Sunday, August 26, 2012

KOFFIA 2012: The Client (의뢰인, Eui-roi-in) 2011

Part of MKC's coverage of the 3rd Korean Film Festival in Australia (previously published).

There are few things more satisfying than a well-performed and thoughtfully structured courtroom drama. I for one have pleasantly idled away many a Sunday afternoon whisked away into the heady wood-paneled halls of justice. The beauty of legal dramas or thrillers is that by way of their conceit they are already confined, for the most part, to one location and as viewers we accept this fact. More than most genres, with courtroom films we largely know what we’re getting ourselves into.

So what makes these films so popular when they are so constrained by their design? Their narratives typically do not require the presence of too many characters and often eschew subplots which may otherwise seem contrived. This makes them quite lean and generally pretty easy to follow and be drawn in by. For the most part the stories will be determined by the answer to one question: will the case be won or lost? But the most engaging thing about courtroom dramas is the bitter contest of right vs. wrong. We are compelled to deliberate over the evidence and arguments presented by both sides (though we are often led by the filmmaker’s guiding hand) which in effect means that our viewing experience sees us living vicariously through the jury represented on screen. Some of the genre’s best examples are fully aware of this fact and use it to their advantage, such as the slippery and claustrophobic moralizing of Twelve Angry Men (1956).

Perhaps the most important element of any solid and engaging legal thriller is the strength of its characters and by extension the importance of their casting. Who could ever forget Jimmy Stewart in Anatomy of a Murder (1959), Gregory Peck in To Kill a Mockingbird (1962), or Paul Newman in The Verdict (1982). Though I’m sure not all will agree, but there’s also much to be said for Tom Cruise’s endearing performance in A Few Good Men (1992). In considering the recent Korean courtroom drama The Client, the first thing that pops to mind is the charismatic performance of Ha Jeong-woo, who is surely on his way to becoming one of the peninsula’s leading stars. Though judging by the massive opening of his new film Nameless Gangster this past weekend, he already seems quite close to that distinction.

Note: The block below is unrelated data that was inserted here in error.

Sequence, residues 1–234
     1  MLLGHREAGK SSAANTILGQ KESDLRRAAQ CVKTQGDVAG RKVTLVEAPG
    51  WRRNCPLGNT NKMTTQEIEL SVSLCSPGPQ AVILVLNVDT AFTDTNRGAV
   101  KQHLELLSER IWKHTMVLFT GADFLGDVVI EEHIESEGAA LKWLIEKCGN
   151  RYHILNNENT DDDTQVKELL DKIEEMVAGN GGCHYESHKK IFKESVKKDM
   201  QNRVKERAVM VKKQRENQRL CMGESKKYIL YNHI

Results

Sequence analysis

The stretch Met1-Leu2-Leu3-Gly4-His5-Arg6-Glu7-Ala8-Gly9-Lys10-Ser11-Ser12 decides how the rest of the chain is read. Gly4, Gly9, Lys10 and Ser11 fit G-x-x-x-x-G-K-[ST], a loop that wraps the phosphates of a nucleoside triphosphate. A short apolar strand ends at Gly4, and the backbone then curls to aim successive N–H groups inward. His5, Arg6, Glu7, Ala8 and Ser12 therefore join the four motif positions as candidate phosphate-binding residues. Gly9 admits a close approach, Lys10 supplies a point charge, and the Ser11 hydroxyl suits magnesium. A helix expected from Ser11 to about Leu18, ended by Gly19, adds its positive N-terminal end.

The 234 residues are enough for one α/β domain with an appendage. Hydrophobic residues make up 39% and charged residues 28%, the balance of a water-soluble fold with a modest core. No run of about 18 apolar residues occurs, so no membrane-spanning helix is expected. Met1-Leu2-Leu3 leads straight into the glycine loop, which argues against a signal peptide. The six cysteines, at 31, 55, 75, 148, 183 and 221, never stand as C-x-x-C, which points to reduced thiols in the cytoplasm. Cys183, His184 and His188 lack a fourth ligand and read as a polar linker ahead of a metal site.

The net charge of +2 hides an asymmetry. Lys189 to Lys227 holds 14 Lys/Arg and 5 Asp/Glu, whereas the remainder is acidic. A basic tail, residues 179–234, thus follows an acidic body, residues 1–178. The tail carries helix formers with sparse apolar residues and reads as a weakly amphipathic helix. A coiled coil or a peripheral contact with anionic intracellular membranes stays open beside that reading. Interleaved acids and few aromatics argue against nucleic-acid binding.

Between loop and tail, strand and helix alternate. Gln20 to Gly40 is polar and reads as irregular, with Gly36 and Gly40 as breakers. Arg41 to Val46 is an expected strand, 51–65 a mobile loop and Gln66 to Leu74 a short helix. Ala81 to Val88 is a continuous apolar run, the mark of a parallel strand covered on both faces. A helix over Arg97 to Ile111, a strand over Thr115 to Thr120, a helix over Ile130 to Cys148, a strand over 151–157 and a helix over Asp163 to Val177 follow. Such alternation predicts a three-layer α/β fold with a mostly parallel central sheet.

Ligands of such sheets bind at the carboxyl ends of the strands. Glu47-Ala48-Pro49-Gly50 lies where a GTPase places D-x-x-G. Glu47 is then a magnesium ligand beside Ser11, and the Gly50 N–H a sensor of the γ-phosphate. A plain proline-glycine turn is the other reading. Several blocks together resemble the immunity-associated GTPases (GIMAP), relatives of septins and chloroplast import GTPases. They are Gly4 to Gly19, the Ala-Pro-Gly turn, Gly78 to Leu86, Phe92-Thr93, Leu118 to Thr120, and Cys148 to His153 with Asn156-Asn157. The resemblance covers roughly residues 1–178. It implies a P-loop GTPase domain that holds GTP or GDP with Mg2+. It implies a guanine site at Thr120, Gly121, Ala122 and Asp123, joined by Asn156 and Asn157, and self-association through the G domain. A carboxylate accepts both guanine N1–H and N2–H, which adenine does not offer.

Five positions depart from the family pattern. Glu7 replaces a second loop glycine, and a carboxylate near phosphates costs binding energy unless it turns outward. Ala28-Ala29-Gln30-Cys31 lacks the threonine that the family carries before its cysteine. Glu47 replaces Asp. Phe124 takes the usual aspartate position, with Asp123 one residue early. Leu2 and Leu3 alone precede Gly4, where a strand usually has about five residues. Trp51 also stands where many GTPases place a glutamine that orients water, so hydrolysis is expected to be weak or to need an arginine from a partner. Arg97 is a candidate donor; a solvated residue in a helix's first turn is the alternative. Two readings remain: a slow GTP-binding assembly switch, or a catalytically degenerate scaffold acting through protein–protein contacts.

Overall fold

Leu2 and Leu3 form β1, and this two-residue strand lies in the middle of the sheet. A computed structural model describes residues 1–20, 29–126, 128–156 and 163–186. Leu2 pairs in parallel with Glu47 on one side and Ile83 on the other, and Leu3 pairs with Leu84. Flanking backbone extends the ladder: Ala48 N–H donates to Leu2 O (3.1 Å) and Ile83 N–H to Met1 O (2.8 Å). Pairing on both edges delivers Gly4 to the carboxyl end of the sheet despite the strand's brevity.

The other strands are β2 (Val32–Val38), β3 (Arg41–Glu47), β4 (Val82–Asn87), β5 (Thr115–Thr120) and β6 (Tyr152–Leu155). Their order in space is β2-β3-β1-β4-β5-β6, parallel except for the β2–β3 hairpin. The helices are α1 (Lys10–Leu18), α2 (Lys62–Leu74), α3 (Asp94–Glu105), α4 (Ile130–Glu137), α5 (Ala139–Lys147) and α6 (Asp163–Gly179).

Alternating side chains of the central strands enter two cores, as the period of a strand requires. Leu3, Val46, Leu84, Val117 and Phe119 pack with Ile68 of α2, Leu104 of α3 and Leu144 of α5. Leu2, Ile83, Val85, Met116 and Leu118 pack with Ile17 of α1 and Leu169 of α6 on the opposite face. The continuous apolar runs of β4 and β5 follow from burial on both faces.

The premise to The Client is quite simple: a man returns to his apartment early one morning to find it overrun by police investigating a murder, the victim being his wife. As all the evidence, albeit circumstantial, points to him, he his immediately hauled away for questioning. Despite the seeming open-and-shut nature of the case, attorney Kang (Ha Jeong-woo) takes on the defendant Han (Jang Hyeok) as his client. Kang is a gregarious lawyer, confident in his abilities, and he will do battle with his rival prosecutor Ahn (Park Hee-soon) in the court while also dealing with his client, who seems to be holding something back.

The film sets up a classic did he or didn’t he scenario but rather than linger on this question, it lets it eat away at the edges of the frame as it chooses instead to focus its attention on the contentious and grudgingly respectful battle between the tremendous presence of Kang and the imposing steeliness of Ahn. In his second outing, Director Sohn Young-sung adroitly handles the pacing, which is taut and even at 123 minutes never lags. He also exhibits some panache in the mise-en-scene department though modestly holds back as he wisely gives way to the considerable talents of his first-rate cast.

It hardly needed any more confirmation, but The Client should easily qualify Ha Jeong-woo as a major star with the kind of mix of natural charm and good looks that is reminiscent of some of the silver screen’s coolest icons like Paul Newman, or perhaps he’s Korea’s equivalent to Hollywood’s icon-of-the-moment Ryan Gosling. Either way we’ll be in no short supply of his talents for the foreseeable future.

Park Hee-soon is somewhat of an anomalous presence in the Korean star system. He’s handsome and often cast as the leading man but he might be the most intense actor in the country. He doesn’t display any sense of humor, which adds a rather unsettling but effective tone to his performance as a larger-than life soccer coach in A Barefoot Dream (2010), but it can also be a drag on proceedings that are already bereft of much spirit like last year’s promising but ultimately shallow and turgid The Showdown (2011). However, he does excel at playing saturnine characters and when employed effectively he can be a formidable presence, such as in Hansel in Gretel (2007). Sohn is one of those deft hands who knows how to wield his strengths and as prosecutor Park he is an excellent foil to Ha’s outgoing litigator.

The Client is not without its faults. While more than serviceable, the plot is merely adequate, constantly to-ing and fro-ing with the odd curveball thrown in for good measure. At the end of the day it offers nothing new in the exhausted setting of the legal thriller. Nevertheless, it is a satisfying way to divert oneself during the course of a lazy Sunday.

Following the critical and commercial success of The Client and more recently Unbowed, it’s a safe bet to say that Korea will soon greenlight some more high-profile courtroom dramas and if the quality of this effort is anything to go by, these would be a most welcome addition to the ever-versatile Korean film industry’s production slate.


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